Systemic Lupus Erythematosus
Features associated with, and the impact of, hemolytic anemia in patients with systemic lupus erythematosus: LX, results from a multiethnic cohort
Article first published online: 29 AUG 2008
Copyright © 2008 by the American College of Rheumatology
Arthritis Care & Research
Volume 59, Issue 9, pages 1332–1340, 15 September 2008
How to Cite
Durán, S., Apte, M., Alarcón, G. S., Marion, M. C., Edberg, J. C., Kimberly, R. P., Zhang, J., Langefeld, C. D., ViLá, L. M. and Reveille, J. D. (2008), Features associated with, and the impact of, hemolytic anemia in patients with systemic lupus erythematosus: LX, results from a multiethnic cohort. Arthritis & Rheumatism, 59: 1332–1340. doi: 10.1002/art.24020
- Issue published online: 29 AUG 2008
- Article first published online: 29 AUG 2008
- Manuscript Accepted: 22 MAY 2008
- Manuscript Received: 17 DEC 2007
- National Institute of Arthritis and Musculoskeletal and Skin Diseases. Grant Numbers: P01-AR-49084, R01-AR-42503
- General Clinical Research Centers. Grant Number: M01-RR-02558
- University of Texas Health Science Center at Houston. Grant Number: M01-RR-00032 to the University of Alabama at Birmingham [UAB]
- National Center for Research Resources (NIH) RCMI Clinical Research Infrastructure Initiative. Grant Number: 1P20-RR-11126 to the University of Puerto Rico Medical Sciences Campus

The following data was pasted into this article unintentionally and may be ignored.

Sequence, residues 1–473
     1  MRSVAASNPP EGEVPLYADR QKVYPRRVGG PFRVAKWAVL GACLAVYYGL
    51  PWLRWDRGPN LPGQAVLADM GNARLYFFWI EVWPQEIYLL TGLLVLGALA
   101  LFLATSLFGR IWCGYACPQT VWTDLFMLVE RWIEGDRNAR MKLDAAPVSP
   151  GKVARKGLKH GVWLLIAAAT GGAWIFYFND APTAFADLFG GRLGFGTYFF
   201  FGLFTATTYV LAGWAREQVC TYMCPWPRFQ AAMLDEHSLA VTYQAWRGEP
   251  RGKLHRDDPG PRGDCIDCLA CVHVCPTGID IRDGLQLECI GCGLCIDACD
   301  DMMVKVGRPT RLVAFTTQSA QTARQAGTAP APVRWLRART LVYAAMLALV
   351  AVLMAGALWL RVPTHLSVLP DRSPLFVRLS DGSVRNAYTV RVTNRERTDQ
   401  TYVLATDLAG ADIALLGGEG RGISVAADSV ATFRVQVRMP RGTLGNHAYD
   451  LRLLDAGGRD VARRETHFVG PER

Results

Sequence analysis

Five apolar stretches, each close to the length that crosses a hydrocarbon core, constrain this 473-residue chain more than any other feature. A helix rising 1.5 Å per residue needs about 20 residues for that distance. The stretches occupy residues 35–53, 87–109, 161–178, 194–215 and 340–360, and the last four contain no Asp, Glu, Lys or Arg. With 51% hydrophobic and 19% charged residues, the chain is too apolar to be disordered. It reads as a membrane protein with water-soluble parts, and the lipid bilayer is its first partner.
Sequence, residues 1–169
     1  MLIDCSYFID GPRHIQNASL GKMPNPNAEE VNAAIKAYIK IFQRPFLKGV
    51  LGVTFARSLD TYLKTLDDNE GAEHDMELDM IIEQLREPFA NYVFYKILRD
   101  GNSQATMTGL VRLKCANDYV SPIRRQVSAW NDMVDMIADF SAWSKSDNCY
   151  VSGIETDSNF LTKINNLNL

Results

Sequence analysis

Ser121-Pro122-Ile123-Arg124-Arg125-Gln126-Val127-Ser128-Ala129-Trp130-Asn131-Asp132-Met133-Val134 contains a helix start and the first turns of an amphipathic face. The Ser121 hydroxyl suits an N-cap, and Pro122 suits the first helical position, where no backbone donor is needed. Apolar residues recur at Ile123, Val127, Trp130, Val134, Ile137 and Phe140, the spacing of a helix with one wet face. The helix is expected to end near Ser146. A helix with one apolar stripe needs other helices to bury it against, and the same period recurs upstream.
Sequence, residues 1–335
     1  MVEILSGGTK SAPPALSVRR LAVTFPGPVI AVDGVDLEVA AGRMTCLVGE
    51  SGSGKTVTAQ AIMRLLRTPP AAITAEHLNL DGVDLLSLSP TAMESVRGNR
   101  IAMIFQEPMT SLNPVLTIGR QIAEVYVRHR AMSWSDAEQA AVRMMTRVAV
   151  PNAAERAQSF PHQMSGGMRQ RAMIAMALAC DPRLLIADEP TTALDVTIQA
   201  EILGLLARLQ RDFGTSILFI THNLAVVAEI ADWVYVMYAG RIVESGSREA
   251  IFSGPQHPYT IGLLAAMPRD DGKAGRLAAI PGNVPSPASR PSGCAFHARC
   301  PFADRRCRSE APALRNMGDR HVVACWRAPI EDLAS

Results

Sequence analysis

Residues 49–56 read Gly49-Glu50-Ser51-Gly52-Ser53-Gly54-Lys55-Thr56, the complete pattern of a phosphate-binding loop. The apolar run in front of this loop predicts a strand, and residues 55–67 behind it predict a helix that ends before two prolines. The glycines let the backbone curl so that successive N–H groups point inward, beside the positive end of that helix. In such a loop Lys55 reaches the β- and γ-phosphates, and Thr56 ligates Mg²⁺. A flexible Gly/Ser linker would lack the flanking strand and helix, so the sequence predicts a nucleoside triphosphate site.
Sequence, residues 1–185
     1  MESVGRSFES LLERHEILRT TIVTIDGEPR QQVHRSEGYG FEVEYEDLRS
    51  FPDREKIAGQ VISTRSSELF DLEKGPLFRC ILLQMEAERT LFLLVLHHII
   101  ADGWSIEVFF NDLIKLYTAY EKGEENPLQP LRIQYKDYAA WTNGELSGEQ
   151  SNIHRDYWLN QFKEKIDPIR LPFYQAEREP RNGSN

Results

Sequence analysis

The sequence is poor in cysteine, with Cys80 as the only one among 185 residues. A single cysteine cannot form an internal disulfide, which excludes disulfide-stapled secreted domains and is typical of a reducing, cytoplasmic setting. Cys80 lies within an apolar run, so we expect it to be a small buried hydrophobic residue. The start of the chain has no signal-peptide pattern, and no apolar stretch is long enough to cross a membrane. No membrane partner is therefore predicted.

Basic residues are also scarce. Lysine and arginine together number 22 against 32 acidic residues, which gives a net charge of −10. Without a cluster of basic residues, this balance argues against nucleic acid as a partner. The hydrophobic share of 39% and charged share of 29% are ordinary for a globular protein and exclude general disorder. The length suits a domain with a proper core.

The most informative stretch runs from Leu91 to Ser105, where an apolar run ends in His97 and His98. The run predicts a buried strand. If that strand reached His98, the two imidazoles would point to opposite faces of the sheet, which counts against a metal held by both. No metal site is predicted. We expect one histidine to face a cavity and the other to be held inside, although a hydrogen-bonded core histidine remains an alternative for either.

- Supporting Training Efforts in Lupus for Latin American Rheumatologists program, funded by Rheuminations, Inc. (UAB)
To examine the clinical and genetic correlates of hemolytic anemia and its impact on damage accrual and mortality in systemic lupus erythematosus (SLE) patients.
SLE patients (American College of Rheumatology [ACR] criteria) of Hispanic (Texan or Puerto Rican), African American, and Caucasian ethnicity from the LUMINA (LUpus in MInorities, NAture versus nurture) cohort were studied. Hemolytic anemia was defined as anemia with reticulocytosis (ACR criterion). The association between degrees of hemolytic anemia and socioeconomic/demographic, clinical, pharmacologic, immunologic, psychological, and behavioral variables was examined by univariable and multivariable (proportional odds model) analyses. Genetic variables (FCGR and Fas/Fas ligand polymorphisms) were examined by 2 degrees of freedom test of association and Cochran-Armitage trend tests. The impact of hemolytic anemia on damage accrual and mortality was examined by multivariable linear and Cox regression analyses, respectively.
Of 628 patients studied, 90% were women, 19% were Texan Hispanic, 16% were Puerto Rican Hispanic, 37% were African American, and 28% were Caucasian. Sixty-five (10%) patients developed hemolytic anemia at some time during the disease course, 83% at or before diagnosis. Variables independently associated with degrees of hemolytic anemia were African American ethnicity, thrombocytopenia, and the use of azathioprine. Hemolytic anemia was associated with damage accrual after adjusting for variables known to affect this outcome; however, hemolytic anemia was not associated with mortality.
The association of hemolytic anemia with thrombocytopenia suggests a common mechanism in their pathophysiology. Hemolytic anemia is an early disease manifestation and is associated with African American ethnicity and the use of azathioprine; it appears to exert an impact on damage but not on mortality.